Aylvapoldermolen is a smock mill in Burgwerd, Netherlands, restored to working order. The mill is listed as a Rijksmonument, number 15626; the first mill on this site was a smock mill, built in 1827. The mill was known as the Molen van de Tjaard, it drained the Aylvapolder, the first polder established in Friesland in 1680. On 9 November 1959 the mill was burnt down; the present Aylvapoldermolen was built at Hallum in 1846. It was known as the Hoekstermolen; the mill was restored in 1964 and again in 1971. On 4 May 1976 it was sold to Stichting De Fryske Mole. In 1989, the Stichting Aylvapoldermolen was set up with the aim of rebuilding a windmill on the site of the lost mill, it was suggested in 1996 that the Vijfhuistermolen would be a suitable candidate as a replacement because the land it stood on was needed for the expansion of a business in Hallum. The mill was dismantled in 1999 and re-erected in Burgwerd on the site of the original Aylvapoldermolen; the official opening ceremony was performed on 3 June 2009 by Mrs Annemarie Jorritsma, at that time the Minister van Economische Zaken.
Mrs Jorritsma is the daughter of a miller. On 20 August 2009, the mill was set on fire; the fire brigade was able to confine the damage to the thatch on the cap. The mill is equipped with an automatic sprinkler system; the fire brigade used 135,000 litres of water to extinguish the fire. About 6 square metres of thatch was destroyed; the Aylvapoldermolen is what the Dutch describe as an "achtkante grondzeiler". It is a smock mill without a stage, the sails reaching to the ground; the brick base is one storey high with a three-storey smock on top. Both smock and cap are thatched; the four Patent sails, which have a span of 22.00 metres are carried on a cast-iron windshaft. The windshaft carries the brake wheel which has 57 cogs; this drives the wallower at the top of the upright shaft. At the lower end of the upright shaft the crown wheel drives the steel Archimedes' screw via a gear wheel with 48 cogs; the axle of the Archimedes' screw is 660 millimetres diameter and the Archimedes' screw is 1.70 metres diameter.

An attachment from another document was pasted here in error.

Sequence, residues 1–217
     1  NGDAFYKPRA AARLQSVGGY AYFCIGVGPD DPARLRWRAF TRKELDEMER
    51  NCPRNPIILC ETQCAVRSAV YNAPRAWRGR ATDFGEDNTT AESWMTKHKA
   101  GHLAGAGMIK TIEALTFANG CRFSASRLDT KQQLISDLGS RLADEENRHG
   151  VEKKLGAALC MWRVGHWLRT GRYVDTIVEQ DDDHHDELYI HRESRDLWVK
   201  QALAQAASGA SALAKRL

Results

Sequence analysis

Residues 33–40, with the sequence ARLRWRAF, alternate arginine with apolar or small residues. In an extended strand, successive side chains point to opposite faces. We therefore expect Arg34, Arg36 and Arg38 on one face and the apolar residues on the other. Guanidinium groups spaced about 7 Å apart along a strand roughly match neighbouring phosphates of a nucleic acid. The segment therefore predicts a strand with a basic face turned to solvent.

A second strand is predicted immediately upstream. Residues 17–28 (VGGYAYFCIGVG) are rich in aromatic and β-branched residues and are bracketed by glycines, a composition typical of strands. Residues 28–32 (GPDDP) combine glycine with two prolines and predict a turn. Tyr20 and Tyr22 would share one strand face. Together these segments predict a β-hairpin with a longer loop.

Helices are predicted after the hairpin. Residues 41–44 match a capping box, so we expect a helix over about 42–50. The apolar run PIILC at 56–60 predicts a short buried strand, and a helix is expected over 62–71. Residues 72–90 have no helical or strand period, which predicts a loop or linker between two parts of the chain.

It is inclined at 22½°. Each revolution of the Archimedes' screw lifts 1,560 litres of water; the mill is open to the public by appointment
Holwerd is a village in Noardeast-Fryslân municipality in the northern Netherlands, in the province of Friesland. It had a population of around 1,607 in January 2017. Before 2019, the village was part of the Dongeradeel municipality. Wadloopcentrum Fryslân in Holwerd is a center for the training of wadlopen guides and the preservation of the sport, it was the birthplace of astronomer Johannes Phocylides Holwarda. There are two windmills in De Hoop and Miedenmolen. Holwerd had a station on the North Friesland Railway, which opened in 1901 and closed to passengers in May 1935, it closed in July 1942. The ferry to Ameland departs from Holwerd. Media related to Holwerd at Wikimedia Commons
Daylight saving time
Daylight saving time daylight savings time or daylight time and summer time, is the practice of advancing clocks during summer months so that evening daylight lasts longer, while sacrificing normal sunrise times. Regions that use daylight saving time adjust clocks forward one hour close to the start of spring and adjust them backward in the autumn to standard time. In effect, DST causes a lost hour of an extra hour of sleep in the fall. George Hudson proposed the idea of daylight saving in 1895; the German Empire and Austria-Hungary organized the first nationwide implementation starting on April 30, 1916. Many countries have used at various times since particularly since the 1970s energy crisis. DST is not observed near the equator, where sunrise times do not vary enough to justify it; some countries observe it only in some regions. Only a minority of the world's population uses DST, because Asia and Africa do not observe it. DST clock shifts sometimes complicate timekeeping and can disrupt travel, record keeping, medical devices, heavy equipment, sleep patterns.